Holding to the principle of prescission, Peirce argues that „in the percept, these elements of Firstness are perceived to be connected in definite ways“ (7.625), for the sense-quality is „a feeling“ which „emerges from the indefinite potentiality only by its own vital Firstness and spontaneity“ (6.198); that is, with positiveness that is distinct from the zero state of „nothingness-in-particular“. So, it is equally clear that, for Peirce, the other primary notion of Firstness is that of the potentiality as a positive, not as a reactive. He often refers to Firstness in terms of potentiality as signs dealing with the secondary characteristics of objects, but this potentiality is also part and parcel of the pragmatic view of perception.

Firstness is he „general vague nothing-in-particular-ness that preceded chaos“ (6.200), for it is from this nothing-in-particularness that we are able to generate perception in all the vividness that Peirce identifies with sensory secondness. In fact, despite Peirce‘s not recognising any forms of degeneracy in Firstness, he does stipulate degrees of vividness in the quality of feeling. However, such apparent variation is not a contradiction as much as it is an attempt to prescind percept from perception and feeling from sensation. Thus, just as Peirce tries to define a percipuum as immediately interpreted by perceptual judgement, he also maintains, that although sense qualities have different degrees of intensity, the greatest intensity will „not belong to the Firstness quality, but to the Secondness or insistency of the particular application of that quality“ (7.496). He then ends the argument of the most interesting contention:
„ I have endeavoured to ascertain whether there is in any ordinary state of consciousness a definite minimum degree of vividness, as there is certainly a maximum degree. But all my experiments upon careful mathematical discussion point to the presence of ideas so very dim, or wanting in vividness, that I am strongly inclined to say, as a first approximation at any rate, that the
vividness ranges all the way down to zero, and that every cell that ever can be sentient is in some degree sentient as long as it is alive at all“ (7.497).

By recognising the ranges of vividness from a definite maximum to a zero minimum, Peirce is able to prescind feeling from sensation and percept from perception (at the point of the percpuum). He is able to keep quality of feeling from being just a human psychological construct because he makes it a matter of sign activity based on the potential for a Firstness to be moved along the path of intensity to secondness. Yet when this is placed in the context of The Logic of Continuity, Peirce has quite clearly maintained the integrity of his categories, for he says, „we must not assume the qualities arose separate and came into relation afterwards. It was just the reverse. The general indefinite potentiality became limited and heterogenous“ (6.199). And later he continues, „Firstness is essentially indifferent to continuity. It leads readily to generalisation, but is not itself general. The limit between is essentially discontinuous, or anti-general. It is insistently this here. Thus, the original potentiality is essentially continuous, or general“ (6.205)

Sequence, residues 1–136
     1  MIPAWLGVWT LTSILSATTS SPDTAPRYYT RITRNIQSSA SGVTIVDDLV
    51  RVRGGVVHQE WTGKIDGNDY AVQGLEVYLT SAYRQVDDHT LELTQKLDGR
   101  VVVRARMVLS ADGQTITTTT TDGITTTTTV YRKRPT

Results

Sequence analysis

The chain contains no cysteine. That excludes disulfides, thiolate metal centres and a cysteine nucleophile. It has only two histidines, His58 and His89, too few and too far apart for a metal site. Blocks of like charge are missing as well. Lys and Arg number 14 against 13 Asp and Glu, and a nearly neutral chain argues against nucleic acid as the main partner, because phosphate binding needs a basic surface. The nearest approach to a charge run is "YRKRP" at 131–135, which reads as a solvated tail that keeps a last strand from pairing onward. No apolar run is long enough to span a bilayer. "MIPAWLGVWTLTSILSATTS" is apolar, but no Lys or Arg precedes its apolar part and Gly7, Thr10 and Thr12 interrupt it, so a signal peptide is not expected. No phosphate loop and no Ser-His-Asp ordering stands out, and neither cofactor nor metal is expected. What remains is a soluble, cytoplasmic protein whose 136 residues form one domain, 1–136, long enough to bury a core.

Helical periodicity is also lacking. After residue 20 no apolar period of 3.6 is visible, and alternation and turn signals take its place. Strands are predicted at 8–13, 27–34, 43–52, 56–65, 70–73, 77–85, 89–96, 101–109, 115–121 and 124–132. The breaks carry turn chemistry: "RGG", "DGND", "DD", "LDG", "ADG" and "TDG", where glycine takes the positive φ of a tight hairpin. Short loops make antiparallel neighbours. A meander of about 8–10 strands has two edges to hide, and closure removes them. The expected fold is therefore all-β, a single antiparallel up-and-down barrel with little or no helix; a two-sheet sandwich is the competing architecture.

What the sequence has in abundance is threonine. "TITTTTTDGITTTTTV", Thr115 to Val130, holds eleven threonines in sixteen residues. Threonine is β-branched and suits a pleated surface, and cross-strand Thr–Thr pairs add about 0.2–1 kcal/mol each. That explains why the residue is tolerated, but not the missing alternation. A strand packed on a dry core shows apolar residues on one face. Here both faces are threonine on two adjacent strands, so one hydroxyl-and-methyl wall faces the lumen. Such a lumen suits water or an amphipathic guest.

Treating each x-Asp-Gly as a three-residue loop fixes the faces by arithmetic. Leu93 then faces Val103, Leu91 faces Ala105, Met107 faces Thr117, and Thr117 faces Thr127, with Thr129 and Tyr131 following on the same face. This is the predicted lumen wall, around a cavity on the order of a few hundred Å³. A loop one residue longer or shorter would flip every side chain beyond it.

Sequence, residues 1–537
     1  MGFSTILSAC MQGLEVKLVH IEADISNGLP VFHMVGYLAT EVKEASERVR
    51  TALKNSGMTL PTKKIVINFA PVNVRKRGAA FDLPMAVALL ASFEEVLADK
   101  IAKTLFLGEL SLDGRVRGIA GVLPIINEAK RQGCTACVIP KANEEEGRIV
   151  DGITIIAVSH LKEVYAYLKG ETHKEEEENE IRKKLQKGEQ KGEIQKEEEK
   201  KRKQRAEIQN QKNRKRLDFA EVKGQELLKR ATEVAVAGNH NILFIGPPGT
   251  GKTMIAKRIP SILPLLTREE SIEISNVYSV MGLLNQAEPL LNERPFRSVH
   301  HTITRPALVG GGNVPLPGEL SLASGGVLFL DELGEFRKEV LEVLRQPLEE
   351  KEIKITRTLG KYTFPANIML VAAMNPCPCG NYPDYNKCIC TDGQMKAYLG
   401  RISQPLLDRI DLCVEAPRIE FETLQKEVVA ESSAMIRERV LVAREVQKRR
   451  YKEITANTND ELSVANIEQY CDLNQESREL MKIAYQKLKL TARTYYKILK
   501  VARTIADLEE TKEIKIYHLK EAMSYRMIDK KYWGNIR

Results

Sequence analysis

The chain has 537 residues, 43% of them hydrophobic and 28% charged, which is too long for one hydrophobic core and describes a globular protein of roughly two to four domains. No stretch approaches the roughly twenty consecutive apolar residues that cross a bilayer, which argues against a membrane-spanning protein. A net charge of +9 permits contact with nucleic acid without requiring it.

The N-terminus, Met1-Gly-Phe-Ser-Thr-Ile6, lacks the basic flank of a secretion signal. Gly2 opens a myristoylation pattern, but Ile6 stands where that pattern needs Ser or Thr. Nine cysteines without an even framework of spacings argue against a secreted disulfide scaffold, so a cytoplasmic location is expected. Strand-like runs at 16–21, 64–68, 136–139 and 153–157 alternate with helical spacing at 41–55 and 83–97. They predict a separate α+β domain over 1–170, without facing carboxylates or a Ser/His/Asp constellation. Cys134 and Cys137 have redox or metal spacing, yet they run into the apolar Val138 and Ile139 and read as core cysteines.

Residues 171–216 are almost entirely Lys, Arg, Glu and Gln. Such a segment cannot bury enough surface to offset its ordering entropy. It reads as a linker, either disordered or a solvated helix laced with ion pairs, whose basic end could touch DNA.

Firstness is the quality of feeling that is potentiated for sign use, but what remains to be seen is how that potential is realised in relation to the categories of Secondness and Thirdness.


31
Secondness
Peirce‘s second category is, of course, dualistic and dyadic, that is, „an elementary idea of something that would possess such characters as it does possess relatively to something else but regardless of any third object of any category“ (1.292).

Like the term monadic,“dyadic“ is a term also derived from Peirce‘s expertise in chemistry, mathematics, and logic. And he generally uses those derived patterns in the same manner as the monads, based on chemical bonding, mathematical structure, and logical relations. Rather than one slot to be filled, the dyad has two slots.

It is a binary which Peirce identifies with the yoking subjects and predicates in propositions and mathematical arguments
. But the dyad is much more productive for Peirce than Firstness, for it is the most obvious of the categories. It is in many ways the clearest and most graspable of the categories because it is the most common, the most insistent, and the most readily available of
the three universes of experience.

Boe: categories - universes of experience

The dyad is clearly a relation of „two subjects brought into oneness“, but the dyad is not just „the subject; it has the subjects as one element of it“ (1.326). It is the source of a unity with „no generality in it“ (1. 328). It is the source a unity of individuality that „involves a distinct reference to the possibility, not of duality merely, as positive unity does, but of plurality (in the sense of more than two)“ (6.376).

As Peirce puts it, „When we come to the dyad, we have the unit, which is, in itself, entirely without determination, and whose existence lies in the possibility of an identical opposite, or of being indeterminately over against itself alone“ (1.447).

The unity of the dyad is „the peculiar kind“of unity at having to do with its distribution and its opposites. It is reproductive, but dyads can combine, with monads, other dyads, or possible dyads to produce ever new dyadic structures…
The dyadic structure is the Pythagorean inverse ratio, which has been the driver of so much of Western scientific thinking (6.211),